Yesterday, the Trump administration signed a peace deal with the Islamic Emirate of Afganistan (Taliban). The agreement is supposed to end the longest war in our history that was waged by the Bush administration in 2001 as a response to the tragedy of September 11.
The Afganistan war has diverted from its declared objective, lacked a clear plan, wasted billions of our tax dollars and destroyed so many innocent lives from both sides. Moreover, our presence in Afganistan has undermined our national security instead of strengthening it and became more of an occupation rather than a peace mission. I believe that our government’s real objective was not fighting Al Qaeda; for our government’s history of partnership with the Afghan mujahdeen that goes back to Jimmy Carter, for our government’s negligence to take measures against the largest sponsor of Al Qaeda in the world: Saudi Arabia, and finally for our government’s policy toward Al Qaeda affiliates in Syria. Rather, it appears that our presence in Afganistan has a strong relation to its strategic position between what used to be parts of the soviet union and Iran.
Regardless, while I applaud every effort that could bring our troops home and end our presence in Afghanistan, I do not think that this agreement would achieve that for the following:
1- Despite the false ascription by some media outlets, this deal is not a treaty. The assertion that the Islamic Emirate of Afghanistan is not recognized by our government but rather it is an agreement with the Taliban who control approximately half of Afghanistan, shows that this deal cannot be qualified to be a treaty.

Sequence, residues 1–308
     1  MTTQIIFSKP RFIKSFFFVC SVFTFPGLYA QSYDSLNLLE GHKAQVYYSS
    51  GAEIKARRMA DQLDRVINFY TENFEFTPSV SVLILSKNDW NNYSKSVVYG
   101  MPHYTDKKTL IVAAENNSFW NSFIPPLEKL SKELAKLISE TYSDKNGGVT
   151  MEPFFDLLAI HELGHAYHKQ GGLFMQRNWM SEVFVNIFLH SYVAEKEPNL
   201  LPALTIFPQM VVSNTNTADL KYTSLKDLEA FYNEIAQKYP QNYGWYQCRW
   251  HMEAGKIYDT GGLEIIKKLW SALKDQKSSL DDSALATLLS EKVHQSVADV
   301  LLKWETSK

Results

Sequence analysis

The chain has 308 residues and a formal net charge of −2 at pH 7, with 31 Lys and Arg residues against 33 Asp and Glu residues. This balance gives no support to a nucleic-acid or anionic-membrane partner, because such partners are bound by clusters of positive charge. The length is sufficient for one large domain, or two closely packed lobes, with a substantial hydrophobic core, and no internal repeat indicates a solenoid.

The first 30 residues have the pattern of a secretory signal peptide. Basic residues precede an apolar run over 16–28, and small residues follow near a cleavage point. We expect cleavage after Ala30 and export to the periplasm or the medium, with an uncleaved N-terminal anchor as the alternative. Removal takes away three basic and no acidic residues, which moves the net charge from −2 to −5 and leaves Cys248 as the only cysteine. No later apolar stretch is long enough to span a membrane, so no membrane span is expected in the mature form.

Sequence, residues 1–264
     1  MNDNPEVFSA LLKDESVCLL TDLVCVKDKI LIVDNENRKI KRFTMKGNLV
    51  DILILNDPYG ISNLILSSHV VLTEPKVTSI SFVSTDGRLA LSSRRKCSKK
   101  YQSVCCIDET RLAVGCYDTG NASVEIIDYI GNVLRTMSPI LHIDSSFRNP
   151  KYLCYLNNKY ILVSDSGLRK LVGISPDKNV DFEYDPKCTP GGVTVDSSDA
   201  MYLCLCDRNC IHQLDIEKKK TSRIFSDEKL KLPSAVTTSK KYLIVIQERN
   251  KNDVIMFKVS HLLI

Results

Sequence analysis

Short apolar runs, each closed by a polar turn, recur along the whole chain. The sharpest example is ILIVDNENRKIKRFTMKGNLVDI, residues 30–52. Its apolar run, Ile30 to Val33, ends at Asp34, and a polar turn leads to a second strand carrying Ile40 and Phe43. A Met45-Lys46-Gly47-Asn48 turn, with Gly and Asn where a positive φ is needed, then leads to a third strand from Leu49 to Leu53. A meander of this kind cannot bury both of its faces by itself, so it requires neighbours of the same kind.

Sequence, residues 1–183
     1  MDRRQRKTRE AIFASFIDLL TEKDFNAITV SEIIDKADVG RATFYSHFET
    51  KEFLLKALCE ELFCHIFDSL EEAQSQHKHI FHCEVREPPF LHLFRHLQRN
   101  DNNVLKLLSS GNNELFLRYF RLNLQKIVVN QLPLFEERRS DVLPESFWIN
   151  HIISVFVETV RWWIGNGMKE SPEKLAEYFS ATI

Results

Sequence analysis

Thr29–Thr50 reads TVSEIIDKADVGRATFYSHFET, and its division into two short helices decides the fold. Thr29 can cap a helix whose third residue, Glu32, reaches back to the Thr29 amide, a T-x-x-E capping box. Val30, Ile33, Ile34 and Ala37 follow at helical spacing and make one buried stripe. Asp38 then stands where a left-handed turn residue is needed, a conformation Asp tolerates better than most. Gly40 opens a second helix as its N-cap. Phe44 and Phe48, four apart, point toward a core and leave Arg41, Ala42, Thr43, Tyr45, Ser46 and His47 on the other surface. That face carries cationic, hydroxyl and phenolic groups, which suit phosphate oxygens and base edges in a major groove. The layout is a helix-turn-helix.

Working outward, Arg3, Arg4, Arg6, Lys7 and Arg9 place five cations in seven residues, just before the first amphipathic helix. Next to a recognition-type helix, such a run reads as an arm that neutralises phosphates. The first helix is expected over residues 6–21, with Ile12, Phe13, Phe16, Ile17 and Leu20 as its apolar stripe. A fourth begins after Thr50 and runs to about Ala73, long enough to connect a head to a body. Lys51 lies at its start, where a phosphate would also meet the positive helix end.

2- The agreement has a contradictory language. In the preemption, the agreement states that the obligations of Taliban in this agreement “apply in areas under their control” and in other parts, the language read “the soil of Afghanistan” and ” Taliban will prevent any group or individual in Afghanistan”.
3- The agreement is conditioning the full withdrawal of our troops on part two of the agreement that has a contradictory language and plenty of excuses to break it. Kabul is already leveraging the prisoner’s release, saying the US had no authority to agree to it.
4- The full withdrawal is also conditioned on the success of the Intra-Afghan negotiations that are scheduled to start on March 10th.
5- The current Afghan government is very weak and unorganized. Conditioning the agreement on the Intra-Afghan negotiation means that any failure that could result from a party other than the Taliban, could revoke the peace agreement. Abdullah is the republic Chief Executive and the second-place candidate in the presidential election who started taking over the northern provinces is now disputing Ghani’s right to appoint the negotiating team
Our government must withdraw our troops unconditionally and allow the UN Security Council to monitor the situation and intervene if needed.